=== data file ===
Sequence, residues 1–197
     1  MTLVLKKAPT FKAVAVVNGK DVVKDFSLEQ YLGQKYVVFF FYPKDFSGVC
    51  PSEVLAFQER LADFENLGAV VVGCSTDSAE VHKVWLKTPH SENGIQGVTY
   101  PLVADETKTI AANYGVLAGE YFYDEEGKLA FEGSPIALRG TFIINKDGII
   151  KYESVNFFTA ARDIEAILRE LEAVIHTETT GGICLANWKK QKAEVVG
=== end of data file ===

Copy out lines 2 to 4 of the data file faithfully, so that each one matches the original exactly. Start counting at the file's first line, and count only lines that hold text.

     1  MTLVLKKAPT FKAVAVVNGK DVVKDFSLEQ YLGQKYVVFF FYPKDFSGVC
    51  PSEVLAFQER LADFENLGAV VVGCSTDSAE VHKVWLKTPH SENGIQGVTY
   101  PLVADETKTI AANYGVLAGE YFYDEEGKLA FEGSPIALRG TFIINKDGII